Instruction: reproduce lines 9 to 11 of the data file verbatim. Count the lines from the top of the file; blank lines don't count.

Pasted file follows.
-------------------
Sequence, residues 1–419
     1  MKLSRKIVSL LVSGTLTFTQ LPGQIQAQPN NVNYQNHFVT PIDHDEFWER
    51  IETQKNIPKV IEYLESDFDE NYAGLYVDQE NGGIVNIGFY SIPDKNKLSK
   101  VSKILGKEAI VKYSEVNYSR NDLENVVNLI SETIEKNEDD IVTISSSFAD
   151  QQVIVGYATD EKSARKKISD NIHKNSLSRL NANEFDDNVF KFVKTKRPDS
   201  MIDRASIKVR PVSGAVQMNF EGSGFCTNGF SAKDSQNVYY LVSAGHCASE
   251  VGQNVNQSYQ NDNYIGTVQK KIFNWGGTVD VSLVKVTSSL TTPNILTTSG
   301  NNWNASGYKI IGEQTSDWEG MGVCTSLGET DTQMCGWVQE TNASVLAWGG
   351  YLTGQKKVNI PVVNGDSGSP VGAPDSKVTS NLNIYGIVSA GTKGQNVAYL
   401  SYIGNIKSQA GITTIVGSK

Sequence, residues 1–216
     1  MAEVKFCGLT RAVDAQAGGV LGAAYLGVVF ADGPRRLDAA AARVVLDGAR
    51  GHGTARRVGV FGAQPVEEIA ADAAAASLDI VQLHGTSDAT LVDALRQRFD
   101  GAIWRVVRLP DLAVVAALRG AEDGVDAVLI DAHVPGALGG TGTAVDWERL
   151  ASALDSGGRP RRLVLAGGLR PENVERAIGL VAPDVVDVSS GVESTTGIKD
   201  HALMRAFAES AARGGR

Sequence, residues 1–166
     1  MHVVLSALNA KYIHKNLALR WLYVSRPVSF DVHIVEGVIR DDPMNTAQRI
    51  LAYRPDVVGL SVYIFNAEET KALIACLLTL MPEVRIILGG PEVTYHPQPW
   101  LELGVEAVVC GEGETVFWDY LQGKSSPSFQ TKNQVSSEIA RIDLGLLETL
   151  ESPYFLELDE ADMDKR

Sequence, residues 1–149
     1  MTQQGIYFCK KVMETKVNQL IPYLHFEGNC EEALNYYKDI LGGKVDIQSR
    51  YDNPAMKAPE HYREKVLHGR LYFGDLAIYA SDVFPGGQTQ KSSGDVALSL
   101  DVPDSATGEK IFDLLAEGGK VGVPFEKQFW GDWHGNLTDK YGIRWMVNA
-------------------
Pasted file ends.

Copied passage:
   351  YLTGQKKVNI PVVNGDSGSP VGAPDSKVTS NLNIYGIVSA GTKGQNVAYL
   401  SYIGNIKSQA GITTIVGSK

Sequence, residues 1–216